normal ticket 17,00 zł
reduced ticket 10,00 zł
guided tour: 40,00 zł
large family card : 5,00 zł
max. 2 adults + max. 4 minors: 35 zł
groups > 15 p. + 1 adult for free: 8,00 zł
audio guide: 5,00 zł
UWAGA bilet łączony willa Koliba i Chałupa Gąsieniców-Sobczaków
normalny: 22 zł, ulgowy 12 zł
wstęp wolny w każdy wtorek
TUE-SAT 10:00 AM – 6.00 PM
SUN 9.00 AM – 5:00 PM
WED-SAT 1:30 PM - 2:15 PM
SUN 12:00 AM do 12:45 AM
+48 18 26 37 065
(branch of the Tatra Museum)
The Koliba villa, the first building erected to Stanisław Witkiewicz’s design in the Zakopane Style, is situated at Kościeliska Street, Zakopane’s oldest street with time-honoured houses and characteristic Tatra crofts at every step. In these surroundings we can better understand Stanisław Witkiewicz’s concept.
With the appearance of Swiss- or Tyrolese-styled architecture in Zakopane, alongside many other Polish health resorts, in the second half of the 19th century, Witkiewicz realized that in order to protect Podhale from buildings stylistically alien to the region, a style growing from the local building art should be wrought. Witkiewicz started a press campaign to promote the style. In his reports and articles, he appealed for the use of local motifs in the houses erected by the newcomers and visitors.
At this time, Zygmunt Gnatowski the owner of Jakimówka estate in Ukraine and collector enamoured of the culture of the Tatra Mountains felt an overwhelming desire to have a summerhouse built for him in Zakopane. At first, he was thinking of a cottage like those used by the Tatra people. However, Witkiewicz persuaded Gnatowski into having a house in the Zakopane Style erected instead. The Koliba (which name derives from koleba, a kind of shepherd’s shed) was built in 1892–93 by the local carpenters. The interiors were likewise stylishly arranged with furniture and household utensils as well as specially designed tile stoves, cornices, curtains, and even small cast elements such as door handles and outer elements of the locks.
Originally the Koliba villa looked different from what it does today. In 1901, Gnatowski had a huge wing added on the west, which transformed Witkiewicz’s original design by altering the mass of the building. In 1906 Zygmunt Gnatowski died in his native Jakimówka. He left no heirs, and the Koliba was sold. The ethnographic collection that Gnatowski had kept in an interior called the Tatra highlander’s chamber has found itself in the Tatra Museum in accordance with his will.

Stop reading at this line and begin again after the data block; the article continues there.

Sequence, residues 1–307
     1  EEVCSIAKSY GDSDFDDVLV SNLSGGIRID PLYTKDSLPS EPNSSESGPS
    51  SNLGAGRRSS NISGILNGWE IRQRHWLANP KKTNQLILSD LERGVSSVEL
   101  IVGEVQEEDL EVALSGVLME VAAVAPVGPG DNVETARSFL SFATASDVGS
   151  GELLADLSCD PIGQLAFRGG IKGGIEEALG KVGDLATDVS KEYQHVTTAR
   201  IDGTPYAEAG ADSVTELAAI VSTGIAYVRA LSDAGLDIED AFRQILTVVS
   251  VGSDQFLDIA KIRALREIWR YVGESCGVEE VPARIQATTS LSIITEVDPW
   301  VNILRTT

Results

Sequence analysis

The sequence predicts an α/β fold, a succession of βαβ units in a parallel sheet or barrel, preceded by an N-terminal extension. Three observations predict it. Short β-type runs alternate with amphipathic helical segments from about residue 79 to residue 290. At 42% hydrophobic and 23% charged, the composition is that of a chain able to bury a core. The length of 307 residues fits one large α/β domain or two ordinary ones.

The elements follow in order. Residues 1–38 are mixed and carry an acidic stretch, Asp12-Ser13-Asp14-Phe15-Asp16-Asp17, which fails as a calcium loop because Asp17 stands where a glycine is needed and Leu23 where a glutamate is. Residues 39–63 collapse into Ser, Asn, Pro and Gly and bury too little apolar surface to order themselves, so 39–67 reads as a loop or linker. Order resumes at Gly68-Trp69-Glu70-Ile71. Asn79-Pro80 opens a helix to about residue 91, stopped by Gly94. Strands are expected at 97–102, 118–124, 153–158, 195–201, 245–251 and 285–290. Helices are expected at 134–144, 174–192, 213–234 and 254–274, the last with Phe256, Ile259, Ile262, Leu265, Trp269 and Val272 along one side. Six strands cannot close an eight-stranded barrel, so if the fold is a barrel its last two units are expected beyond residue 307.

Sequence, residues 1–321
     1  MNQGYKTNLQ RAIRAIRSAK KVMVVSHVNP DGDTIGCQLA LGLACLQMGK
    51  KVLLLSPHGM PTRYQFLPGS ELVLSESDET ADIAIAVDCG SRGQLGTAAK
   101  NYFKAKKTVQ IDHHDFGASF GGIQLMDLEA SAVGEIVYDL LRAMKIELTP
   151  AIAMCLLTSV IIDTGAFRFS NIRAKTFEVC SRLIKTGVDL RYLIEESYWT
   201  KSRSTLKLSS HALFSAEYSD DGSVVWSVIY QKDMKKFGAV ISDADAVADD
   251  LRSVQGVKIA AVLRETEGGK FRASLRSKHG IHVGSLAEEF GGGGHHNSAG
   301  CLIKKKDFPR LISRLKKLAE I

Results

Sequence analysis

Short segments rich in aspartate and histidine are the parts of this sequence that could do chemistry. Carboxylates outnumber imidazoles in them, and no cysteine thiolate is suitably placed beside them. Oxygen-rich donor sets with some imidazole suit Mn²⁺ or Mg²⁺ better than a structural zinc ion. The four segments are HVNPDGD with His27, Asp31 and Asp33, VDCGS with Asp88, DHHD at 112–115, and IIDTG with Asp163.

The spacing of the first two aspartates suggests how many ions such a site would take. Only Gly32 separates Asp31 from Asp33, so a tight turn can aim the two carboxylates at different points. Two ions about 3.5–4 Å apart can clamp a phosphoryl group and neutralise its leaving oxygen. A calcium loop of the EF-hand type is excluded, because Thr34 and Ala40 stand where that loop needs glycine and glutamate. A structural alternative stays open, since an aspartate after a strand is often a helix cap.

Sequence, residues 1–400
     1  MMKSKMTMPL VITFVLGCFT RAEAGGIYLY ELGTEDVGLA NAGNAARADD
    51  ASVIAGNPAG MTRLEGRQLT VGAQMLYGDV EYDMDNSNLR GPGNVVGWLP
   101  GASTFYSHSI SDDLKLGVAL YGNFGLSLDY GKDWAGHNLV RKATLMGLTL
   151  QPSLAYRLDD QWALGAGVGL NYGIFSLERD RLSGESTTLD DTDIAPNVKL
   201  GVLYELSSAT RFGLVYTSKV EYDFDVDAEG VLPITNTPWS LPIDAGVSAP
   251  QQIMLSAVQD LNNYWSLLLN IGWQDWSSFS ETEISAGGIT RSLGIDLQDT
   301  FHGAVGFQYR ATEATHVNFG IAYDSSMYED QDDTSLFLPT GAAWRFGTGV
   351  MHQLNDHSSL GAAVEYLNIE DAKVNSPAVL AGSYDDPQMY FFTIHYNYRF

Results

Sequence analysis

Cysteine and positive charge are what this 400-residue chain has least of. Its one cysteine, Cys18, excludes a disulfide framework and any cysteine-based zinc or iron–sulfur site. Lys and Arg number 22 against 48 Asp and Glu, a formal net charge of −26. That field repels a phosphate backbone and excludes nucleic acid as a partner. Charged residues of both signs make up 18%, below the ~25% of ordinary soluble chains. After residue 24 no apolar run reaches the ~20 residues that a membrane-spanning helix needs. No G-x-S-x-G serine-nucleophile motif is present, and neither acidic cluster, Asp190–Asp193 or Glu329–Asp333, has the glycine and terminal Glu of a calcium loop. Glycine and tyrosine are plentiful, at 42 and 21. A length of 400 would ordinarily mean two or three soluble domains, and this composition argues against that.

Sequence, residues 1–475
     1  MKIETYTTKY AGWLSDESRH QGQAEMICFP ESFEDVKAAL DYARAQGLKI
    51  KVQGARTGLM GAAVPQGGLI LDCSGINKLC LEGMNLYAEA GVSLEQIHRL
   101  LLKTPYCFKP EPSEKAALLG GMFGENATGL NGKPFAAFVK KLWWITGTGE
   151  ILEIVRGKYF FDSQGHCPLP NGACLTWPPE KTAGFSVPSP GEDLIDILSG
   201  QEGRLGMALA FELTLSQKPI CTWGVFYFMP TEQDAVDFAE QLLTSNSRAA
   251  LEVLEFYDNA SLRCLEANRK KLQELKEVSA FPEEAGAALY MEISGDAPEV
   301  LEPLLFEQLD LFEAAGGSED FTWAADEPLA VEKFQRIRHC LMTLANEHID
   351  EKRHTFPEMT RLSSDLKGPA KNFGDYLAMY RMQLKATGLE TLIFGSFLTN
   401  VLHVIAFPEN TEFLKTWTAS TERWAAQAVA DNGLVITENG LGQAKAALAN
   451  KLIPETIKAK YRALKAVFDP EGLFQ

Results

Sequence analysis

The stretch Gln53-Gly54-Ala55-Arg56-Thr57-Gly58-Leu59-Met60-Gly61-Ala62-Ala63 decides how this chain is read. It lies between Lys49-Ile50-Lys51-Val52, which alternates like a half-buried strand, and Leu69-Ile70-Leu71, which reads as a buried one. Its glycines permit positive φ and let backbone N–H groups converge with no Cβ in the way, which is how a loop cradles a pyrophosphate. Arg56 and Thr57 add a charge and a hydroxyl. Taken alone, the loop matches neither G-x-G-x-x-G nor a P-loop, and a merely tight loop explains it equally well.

From then on, the Koliba changed owners several times. Unaware of its value, they were not concerned about its condition. In 1935, the Polish Rail Military Training Division purchased the building, intending to organize a pension here. In the course of repairs and adaptation, most of the original stoves were dismantled and the unique stylish floors changed. The same happened to the original decoration of the façade. New motifs, characteristic of Art Déco, were introduced inside.
Serving as the seat of the German youth organization Hitler-jugend during the Nazi occupation, the Koliba survived the period without damage. After the war, at first a rest house, it was an orphanage till December 1981. In 1984, the Tatra Museum ordered and supervised repairs to stop the degradation of the deserted building; in 1987 conservation-cum-repairs were launched, later the interiors were arranged. Almost a century after the erection of the Koliba, the Museum of the Zakopane Style was opened here in December 1993. The interiors were arranged by Władysław Hasior.
Five rooms in the oldest part were arranged in accordance with their original function as, on the ground floor, the dining room, drawing room and bedroom, and, on the first floor, Gnatowski’s room and his servant’s room.
Zygmunt Gnatowski’s ethnographic collection returned to its place in the ‘Tatra highlander’s chamber’. Other pieces of furniture, household utensils and small craftsmen’s articles, all in the Zakopane Style, come from the turn of the century when the style was in full bloom. They were manufactured to designs prepared by Stanisław Witkiewicz, his pupil and closest co-worker Wojciech Brzega, and Stanisław Barabasz. Barabasz, from 1901 head of the School of Timber Industry in Zakopane, was credited with the introduction of the Zakopane Style into school workshops. To offer material for comparison, the servant’s room has been provided with furniture designed by František Neużil, the first head of the school. Neużil himself introduced the term ‘Zakopane style’ to describe his self-designed furniture decorated with the typical Podhale ornaments. Witkiewicz was highly critical of this aspect of Neużil’s activity, charging him primarily with a failure to understand the essence of the Tatra people’s style and superficiality and artistic incompetence in the use and interpretation of folk art ornaments.
The Museum of the Zakopane Style is the only place in Poland acquainting the visitor with the history of the achievements of the first theoretically wrought and successfully effected concept of a Polish national style based on the architecture and decorative art of the inhabitants of the region of Podhale.
The Koliba villa opens the brief history of the Zakopane Style, which lasted barely twenty years. After the Koliba, Witkiewicz designed several other buildings in Zakopane, of the villa-cum-pension type, in that the most beautiful, called Pod Jedlami [House Under the Firs]. He also designed furniture, various objects of daily use and elements of the furnishing of the Holy Family parish church. He designed the Sacred Heart Chapel at Jaszczurówka. The main building of the Tatra Museum was erected in brick and stone to the artist’s last design drawn in 1913.